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Crying over split milk

For thousands of years islanders around the globe have gathered freshly fallen brown coconuts, husked them, cracked them open and made their daily coconut milk. Today many people who have never even seen a coconut tree add coconut milk, gathered from the supermarket shelves, to their smoothies, bowls and recipes. But not for long if a small group of politicians get their way.



Lobbyist and senators from several big dairy states have begun a legal battle, griping that “milk” cannot be sourced from a coconut, almond or any other plant. According to them what we modern coconut lovers are cooking with, is actually not milk at all. The milk producers federation has called for a nation wide crack down on what they call “dairy imitators” and, you couldn’t make this sound cheesier if you tried “cow-nterfeits”. They want officials to enforce the definition of milk in their favor, that it be derived solely from “the lacteal secretion obtained by the complete milking of one or more cows”.


In addition to sounding gross, that definition is going to be difficult to enforce considering the history of alternative milks. The 1797 edition of encyclopedia Britannica states that - the emulsive liquors of vegetables may be called vegetable milks.


It’s a cry baby move from an industry in an already bad position. 2017, 18 and 19 were terrible times for American dairies, the worst in fifty years with three thousand dairy farms going out of business per year on average. Each year milk sales slipped about 7% and Dean Foods, the nations largest purveyor of dairy products recently filled for bankruptcy. While cow milk sales dropped, alternative milks took off. Rising two hundred and forty percent per year, with no sign of stopping or of ever giving back the huge chunk of the market share they earned.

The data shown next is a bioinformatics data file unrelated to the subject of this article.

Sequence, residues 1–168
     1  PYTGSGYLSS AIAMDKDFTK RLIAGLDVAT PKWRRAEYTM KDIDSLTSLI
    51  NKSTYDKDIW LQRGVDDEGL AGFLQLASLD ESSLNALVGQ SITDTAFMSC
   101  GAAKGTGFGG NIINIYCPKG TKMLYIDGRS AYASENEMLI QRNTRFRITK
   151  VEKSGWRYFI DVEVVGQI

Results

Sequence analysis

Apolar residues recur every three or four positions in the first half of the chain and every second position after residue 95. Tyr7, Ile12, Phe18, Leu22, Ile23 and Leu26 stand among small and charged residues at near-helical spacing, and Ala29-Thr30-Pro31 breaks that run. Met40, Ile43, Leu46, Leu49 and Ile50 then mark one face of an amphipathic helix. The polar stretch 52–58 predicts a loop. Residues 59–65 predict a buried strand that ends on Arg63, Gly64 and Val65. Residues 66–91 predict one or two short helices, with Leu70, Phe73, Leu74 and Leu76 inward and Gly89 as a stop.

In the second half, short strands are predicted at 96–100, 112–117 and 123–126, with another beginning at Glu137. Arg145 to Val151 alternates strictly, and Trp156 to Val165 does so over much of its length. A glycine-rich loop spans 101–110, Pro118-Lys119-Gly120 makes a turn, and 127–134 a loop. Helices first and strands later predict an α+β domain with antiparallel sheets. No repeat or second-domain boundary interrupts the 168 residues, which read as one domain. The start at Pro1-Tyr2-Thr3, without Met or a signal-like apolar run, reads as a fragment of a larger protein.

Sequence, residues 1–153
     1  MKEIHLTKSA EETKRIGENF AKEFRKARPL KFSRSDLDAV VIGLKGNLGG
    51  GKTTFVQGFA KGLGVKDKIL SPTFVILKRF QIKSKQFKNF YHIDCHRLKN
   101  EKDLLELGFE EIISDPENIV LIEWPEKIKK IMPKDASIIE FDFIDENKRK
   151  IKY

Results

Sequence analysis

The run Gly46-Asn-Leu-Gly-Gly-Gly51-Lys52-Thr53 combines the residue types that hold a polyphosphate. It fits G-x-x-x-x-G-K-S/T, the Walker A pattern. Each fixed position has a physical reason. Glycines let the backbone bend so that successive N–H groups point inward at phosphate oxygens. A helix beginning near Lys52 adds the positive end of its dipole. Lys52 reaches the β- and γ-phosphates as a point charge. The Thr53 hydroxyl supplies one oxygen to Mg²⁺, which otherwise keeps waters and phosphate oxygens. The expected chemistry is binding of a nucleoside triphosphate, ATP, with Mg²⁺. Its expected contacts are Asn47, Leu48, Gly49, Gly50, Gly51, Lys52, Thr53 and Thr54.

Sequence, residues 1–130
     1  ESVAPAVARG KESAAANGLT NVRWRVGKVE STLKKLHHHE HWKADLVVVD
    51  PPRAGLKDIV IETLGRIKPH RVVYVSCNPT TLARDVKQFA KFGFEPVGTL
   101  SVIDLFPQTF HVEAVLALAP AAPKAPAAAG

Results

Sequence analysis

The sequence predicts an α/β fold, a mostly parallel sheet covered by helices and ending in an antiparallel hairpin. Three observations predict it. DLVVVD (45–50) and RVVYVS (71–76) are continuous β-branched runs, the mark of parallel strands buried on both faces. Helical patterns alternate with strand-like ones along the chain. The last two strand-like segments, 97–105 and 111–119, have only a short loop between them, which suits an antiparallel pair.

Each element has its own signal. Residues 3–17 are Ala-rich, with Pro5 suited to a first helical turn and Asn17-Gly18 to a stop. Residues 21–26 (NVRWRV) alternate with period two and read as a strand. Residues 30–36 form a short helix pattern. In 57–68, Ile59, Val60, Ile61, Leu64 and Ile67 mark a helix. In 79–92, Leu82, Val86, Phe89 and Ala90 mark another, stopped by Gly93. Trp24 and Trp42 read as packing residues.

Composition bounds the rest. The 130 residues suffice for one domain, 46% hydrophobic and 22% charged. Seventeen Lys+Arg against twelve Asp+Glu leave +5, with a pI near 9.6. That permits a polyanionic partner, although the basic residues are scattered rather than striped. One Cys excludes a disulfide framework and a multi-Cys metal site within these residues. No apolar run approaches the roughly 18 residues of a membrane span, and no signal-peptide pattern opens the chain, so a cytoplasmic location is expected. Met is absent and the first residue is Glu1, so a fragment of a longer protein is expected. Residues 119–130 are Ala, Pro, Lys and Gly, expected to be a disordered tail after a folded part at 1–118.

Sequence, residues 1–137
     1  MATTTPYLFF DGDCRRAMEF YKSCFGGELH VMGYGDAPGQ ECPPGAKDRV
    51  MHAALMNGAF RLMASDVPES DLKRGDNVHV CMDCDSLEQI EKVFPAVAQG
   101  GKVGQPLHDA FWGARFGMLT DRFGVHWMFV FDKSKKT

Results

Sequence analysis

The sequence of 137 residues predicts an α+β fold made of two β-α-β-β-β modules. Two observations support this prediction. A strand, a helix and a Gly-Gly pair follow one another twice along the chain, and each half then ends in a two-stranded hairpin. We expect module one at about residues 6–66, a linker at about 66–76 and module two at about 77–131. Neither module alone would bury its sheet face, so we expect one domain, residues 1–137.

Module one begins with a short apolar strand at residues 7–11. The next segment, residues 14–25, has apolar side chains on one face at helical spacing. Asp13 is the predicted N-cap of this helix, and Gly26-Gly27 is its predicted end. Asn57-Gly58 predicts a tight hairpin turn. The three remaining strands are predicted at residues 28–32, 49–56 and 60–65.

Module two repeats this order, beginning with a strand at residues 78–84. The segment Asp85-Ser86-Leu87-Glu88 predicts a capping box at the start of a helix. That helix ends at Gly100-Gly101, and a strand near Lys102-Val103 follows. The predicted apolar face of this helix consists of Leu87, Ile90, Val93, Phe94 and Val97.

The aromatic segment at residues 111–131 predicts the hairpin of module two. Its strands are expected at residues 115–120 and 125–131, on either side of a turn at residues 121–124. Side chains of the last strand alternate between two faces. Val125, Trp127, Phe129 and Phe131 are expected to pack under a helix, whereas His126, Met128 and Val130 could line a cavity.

But is the word “milk” really to blame? Perhaps an increasingly conscious public, armed with information from the internet has decided milk doesn’t do a body good after all. The newest generation wasn’t raised under the advertisement blitz of superstar athletes wearing milk mustaches. To millennials drinking a full glass of bovine secretion with dinner doesn’t seem like the best way to grow tall and strong, it seems foul. They’ve chosen to move away from factory farmed animal products, its cruelty, its hormones and are turning to plant based products for both health and ethical reasons, regardless of what they are called.


Big dairy doesn’t care, they want their milk money. Using considerable funds (dairy is the second largest agricultural industry in America) and political power buying power, they convinced thirty two congress members to draft a letter to the Food and Drug Administration, begging that plant-based drinks be forced to choose a different name, “nut juice” being a top recommendation. The FDA Commissioner Scott Gottlieb responded jokingly that obviously “an almond doesn’t lactate” but chose to take no action on their complaint.


So the dairy lobby hired some lawyers and took the nation’s largest co-opt producer of almond milk, Blue Diamond to court. The result, they lost. Big dairy’s cash cow seems to have been finally put to pasture. The phrase “coconut milk” is officially safe to use and an old adage has once again been proven right, that one shouldn’t cry over spilt milk.

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